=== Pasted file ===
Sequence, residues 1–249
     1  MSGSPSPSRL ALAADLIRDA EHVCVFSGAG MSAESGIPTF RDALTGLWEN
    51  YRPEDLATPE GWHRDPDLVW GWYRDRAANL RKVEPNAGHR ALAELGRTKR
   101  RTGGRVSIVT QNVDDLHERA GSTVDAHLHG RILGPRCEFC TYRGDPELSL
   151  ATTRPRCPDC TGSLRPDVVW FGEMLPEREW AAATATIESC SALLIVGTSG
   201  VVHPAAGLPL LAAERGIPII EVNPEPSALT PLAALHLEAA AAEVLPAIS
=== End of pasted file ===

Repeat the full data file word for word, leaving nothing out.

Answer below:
Sequence, residues 1–249
     1  MSGSPSPSRL ALAADLIRDA EHVCVFSGAG MSAESGIPTF RDALTGLWEN
    51  YRPEDLATPE GWHRDPDLVW GWYRDRAANL RKVEPNAGHR ALAELGRTKR
   101  RTGGRVSIVT QNVDDLHERA GSTVDAHLHG RILGPRCEFC TYRGDPELSL
   151  ATTRPRCPDC TGSLRPDVVW FGEMLPEREW AAATATIESC SALLIVGTSG
   201  VVHPAAGLPL LAAERGIPII EVNPEPSALT PLAALHLEAA AAEVLPAIS